The Yale Law Journal

VOLUME
128
2018-2019
NUMBER
5
March 2019
1174-1477

State Courts and Constitutional Structure

Civil Rights LawConstitutional LawFederalismAntidiscrimination Law

abstract. In a famous 1977 article, Justice William Brennan called on state courts to interpret the individual-rights provisions of their state constitutions more expansively than analogous federal guarantees. Over the years, state constitutions have served as the foundation for important individual-rights decisions, yet their provisions remain unfamiliar to and often ignored by lawyers, scholars, and judges. In an insightful new book, 51 Imperfect Solutions: The Making of American Constitutional Law, Judge Jeffrey Sutton renews Justice Brennan’s call for judicial federalism but recasts it in a number of important ways. Most significantly, he invites us to understand state constitutionalism not solely or primarily as a liberal ratchet, but instead as a structural feature of our governmental system that modulates the timing, process, and substance of individual-rights enforcement. The conventional focus on the federal judiciary as the principal locus of rights innovation, he explains, does not accord with our constitutional history and disserves both state and federal courts. Urging greater balance between state and federal courts in protecting individual rights, Judge Sutton treats state constitutionalism as a mechanism for channeling constitutional debate in a diverse democracy and mitigating the risks of winner-take-all decision-making by the U.S. Supreme Court.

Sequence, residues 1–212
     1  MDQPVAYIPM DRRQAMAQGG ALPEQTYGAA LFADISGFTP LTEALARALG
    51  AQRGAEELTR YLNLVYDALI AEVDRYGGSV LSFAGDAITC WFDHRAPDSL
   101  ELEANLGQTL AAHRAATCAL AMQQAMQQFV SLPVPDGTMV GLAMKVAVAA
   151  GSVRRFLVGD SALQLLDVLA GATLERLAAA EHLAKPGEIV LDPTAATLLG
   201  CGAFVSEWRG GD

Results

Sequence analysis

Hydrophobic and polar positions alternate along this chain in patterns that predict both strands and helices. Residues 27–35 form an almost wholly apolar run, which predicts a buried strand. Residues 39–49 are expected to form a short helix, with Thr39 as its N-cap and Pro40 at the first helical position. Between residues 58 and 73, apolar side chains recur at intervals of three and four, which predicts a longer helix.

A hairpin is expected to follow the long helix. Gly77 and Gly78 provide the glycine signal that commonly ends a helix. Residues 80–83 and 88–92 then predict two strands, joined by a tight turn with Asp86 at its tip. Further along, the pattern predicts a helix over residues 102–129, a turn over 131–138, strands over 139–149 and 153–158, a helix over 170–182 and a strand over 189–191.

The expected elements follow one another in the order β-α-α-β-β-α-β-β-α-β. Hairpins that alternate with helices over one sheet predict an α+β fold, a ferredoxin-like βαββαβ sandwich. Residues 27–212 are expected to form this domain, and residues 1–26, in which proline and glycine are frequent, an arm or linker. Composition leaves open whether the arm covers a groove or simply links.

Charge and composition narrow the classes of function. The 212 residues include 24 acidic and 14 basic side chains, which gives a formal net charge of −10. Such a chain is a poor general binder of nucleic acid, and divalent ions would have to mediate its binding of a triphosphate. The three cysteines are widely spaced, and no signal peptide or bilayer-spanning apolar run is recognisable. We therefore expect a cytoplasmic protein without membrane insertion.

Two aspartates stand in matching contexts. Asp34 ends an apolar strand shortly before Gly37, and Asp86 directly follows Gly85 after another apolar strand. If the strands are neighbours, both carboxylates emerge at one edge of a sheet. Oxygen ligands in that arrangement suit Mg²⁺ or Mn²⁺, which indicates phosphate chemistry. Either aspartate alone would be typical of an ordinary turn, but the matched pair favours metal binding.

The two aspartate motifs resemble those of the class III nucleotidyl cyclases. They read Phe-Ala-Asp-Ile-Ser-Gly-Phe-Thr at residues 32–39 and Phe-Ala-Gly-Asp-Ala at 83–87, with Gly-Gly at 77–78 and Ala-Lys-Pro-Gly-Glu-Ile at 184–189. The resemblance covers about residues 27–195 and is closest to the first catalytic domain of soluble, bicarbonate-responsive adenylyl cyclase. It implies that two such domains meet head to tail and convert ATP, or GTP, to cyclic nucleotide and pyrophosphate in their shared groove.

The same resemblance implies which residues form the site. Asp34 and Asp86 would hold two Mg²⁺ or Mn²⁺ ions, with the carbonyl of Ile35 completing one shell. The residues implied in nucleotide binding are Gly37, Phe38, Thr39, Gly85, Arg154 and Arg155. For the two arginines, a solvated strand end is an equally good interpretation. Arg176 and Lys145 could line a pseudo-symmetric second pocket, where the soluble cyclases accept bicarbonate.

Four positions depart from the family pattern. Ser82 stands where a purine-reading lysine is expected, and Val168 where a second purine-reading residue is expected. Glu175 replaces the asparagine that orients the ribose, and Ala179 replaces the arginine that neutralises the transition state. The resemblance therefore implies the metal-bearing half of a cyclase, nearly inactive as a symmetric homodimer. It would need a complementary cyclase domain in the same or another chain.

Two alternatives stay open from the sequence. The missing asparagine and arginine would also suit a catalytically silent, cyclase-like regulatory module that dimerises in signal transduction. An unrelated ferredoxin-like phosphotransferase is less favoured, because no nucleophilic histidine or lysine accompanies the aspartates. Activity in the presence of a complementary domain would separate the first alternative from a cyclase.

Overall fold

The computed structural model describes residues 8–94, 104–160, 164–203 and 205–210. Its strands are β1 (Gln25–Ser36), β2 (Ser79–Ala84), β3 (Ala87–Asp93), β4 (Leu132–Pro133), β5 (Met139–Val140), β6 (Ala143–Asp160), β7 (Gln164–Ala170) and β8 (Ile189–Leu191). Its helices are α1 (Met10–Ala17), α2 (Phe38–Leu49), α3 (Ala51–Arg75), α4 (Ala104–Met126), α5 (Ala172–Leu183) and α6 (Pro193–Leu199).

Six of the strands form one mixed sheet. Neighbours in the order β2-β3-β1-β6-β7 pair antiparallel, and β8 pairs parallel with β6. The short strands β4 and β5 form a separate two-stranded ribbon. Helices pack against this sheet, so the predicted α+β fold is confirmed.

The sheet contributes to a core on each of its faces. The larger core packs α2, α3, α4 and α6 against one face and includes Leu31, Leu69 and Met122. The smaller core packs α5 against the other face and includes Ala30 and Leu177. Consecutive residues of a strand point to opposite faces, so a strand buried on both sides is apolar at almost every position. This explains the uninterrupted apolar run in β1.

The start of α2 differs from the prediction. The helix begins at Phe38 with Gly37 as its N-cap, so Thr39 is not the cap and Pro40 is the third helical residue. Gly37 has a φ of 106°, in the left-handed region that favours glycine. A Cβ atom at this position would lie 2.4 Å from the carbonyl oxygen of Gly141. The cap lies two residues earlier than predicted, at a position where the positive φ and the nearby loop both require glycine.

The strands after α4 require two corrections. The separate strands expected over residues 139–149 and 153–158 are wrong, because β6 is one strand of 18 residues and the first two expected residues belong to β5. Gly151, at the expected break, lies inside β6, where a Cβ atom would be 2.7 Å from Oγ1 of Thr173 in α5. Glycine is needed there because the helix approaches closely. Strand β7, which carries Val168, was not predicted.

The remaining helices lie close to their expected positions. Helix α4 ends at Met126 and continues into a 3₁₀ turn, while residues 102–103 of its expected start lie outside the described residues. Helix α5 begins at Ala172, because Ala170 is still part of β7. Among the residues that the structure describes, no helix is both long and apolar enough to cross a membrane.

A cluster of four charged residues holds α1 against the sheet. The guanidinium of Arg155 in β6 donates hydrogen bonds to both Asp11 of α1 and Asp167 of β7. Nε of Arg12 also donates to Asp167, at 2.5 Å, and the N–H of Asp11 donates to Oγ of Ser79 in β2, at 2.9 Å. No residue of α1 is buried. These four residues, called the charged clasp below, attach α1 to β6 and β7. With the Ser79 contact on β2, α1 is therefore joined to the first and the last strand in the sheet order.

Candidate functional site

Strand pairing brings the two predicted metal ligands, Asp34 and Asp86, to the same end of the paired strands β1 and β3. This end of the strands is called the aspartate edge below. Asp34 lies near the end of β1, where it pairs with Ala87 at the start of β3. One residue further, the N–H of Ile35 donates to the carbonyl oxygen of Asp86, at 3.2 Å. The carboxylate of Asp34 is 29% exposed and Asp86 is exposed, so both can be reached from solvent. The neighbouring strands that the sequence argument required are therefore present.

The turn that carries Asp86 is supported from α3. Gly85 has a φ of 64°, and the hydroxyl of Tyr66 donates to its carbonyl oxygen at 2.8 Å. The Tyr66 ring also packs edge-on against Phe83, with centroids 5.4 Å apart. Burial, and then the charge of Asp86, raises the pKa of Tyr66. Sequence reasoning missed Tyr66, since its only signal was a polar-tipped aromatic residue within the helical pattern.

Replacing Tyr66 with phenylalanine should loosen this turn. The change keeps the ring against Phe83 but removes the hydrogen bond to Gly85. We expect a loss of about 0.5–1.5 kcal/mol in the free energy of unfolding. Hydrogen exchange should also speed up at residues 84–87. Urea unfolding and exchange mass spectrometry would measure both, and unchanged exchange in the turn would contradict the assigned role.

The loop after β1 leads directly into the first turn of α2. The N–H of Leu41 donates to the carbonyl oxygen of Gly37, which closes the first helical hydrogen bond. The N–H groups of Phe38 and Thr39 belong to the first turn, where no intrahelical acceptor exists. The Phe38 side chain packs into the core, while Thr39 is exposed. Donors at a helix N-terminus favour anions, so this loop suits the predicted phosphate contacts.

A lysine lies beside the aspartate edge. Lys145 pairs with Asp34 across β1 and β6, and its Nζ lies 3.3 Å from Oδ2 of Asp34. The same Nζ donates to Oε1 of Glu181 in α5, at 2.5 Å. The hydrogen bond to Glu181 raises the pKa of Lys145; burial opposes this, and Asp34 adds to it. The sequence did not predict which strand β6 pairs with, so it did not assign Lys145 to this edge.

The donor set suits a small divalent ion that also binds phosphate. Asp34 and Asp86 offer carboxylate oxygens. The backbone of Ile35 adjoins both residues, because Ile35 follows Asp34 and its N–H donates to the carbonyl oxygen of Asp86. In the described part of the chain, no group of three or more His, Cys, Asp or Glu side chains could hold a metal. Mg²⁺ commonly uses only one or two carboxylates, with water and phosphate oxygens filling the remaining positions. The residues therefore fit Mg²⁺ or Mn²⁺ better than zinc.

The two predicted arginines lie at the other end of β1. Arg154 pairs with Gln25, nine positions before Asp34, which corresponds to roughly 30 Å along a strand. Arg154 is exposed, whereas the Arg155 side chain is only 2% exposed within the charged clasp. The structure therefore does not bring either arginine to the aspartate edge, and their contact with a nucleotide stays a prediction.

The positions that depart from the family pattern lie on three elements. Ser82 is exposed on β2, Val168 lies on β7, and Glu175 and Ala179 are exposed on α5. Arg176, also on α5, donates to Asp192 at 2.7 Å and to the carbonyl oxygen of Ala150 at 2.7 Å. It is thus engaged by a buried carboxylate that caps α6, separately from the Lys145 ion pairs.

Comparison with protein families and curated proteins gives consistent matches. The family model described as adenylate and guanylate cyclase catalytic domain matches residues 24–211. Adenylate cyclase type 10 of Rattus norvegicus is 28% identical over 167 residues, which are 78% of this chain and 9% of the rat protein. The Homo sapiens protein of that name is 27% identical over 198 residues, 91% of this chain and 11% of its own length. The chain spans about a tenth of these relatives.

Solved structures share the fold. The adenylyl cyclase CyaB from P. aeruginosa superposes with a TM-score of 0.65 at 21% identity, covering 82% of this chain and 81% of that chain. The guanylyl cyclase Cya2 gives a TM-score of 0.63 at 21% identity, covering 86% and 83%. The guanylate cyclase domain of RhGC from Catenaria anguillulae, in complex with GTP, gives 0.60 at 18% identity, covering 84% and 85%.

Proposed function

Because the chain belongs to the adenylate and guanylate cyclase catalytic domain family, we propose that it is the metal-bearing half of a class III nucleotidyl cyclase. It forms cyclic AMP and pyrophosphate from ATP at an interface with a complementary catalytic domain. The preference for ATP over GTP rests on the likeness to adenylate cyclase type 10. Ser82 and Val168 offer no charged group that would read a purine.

Judge Sutton’s account of state constitutionalism is neither liberal nor conservative, and offers a nuanced and multifaceted view of how state courts have helped shape American constitutional law. But his insistence that state courts elaborate constitutional doctrine based on state-specific texts or histories is in tension with his salutary vision of robust constitutional dialogue between state and federal courts. Such dialogue historically has not arisen from a proliferation of state-specific discourses. Instead, the richness of judicial federalism is most evident when state and federal courts are engaged in a single discourse, interpreting similar texts or principles in their respective constitutions within a common historical tradition or common framework of constitutional reasoning. This dynamic is at the core of the book’s case studies on the exclusionary rule, school-funding inequality, forced sterilization, and mandatory flag salutes. Moreover, it is at the core of the judicial history of school segregation, which includes a more prominent role for state courts in protecting the rights of black schoolchildren than is commonly known. This history, which I elucidate in this review, amplifies Judge Sutton’s call for renewed consideration of the basic purposes and premises of judicial federalism.

author. Associate Justice, California Supreme Court. For outstanding research assistance, I am indebted to Hillary Mimnaugh and Eric Chung. For helpful comments on earlier drafts, I thank Eric Chung, Vicki Jackson, Guha Krishnamurthi, Carol Lee, Ricky Revesz, and Jeff Sutton. I am also grateful for opportunities to present and discuss these ideas with law students and faculty at Duke, George Washington, Harvard, Stanford, and Yale. Finally, I appreciate the patience and careful attention of the editors of the Yale Law Journal.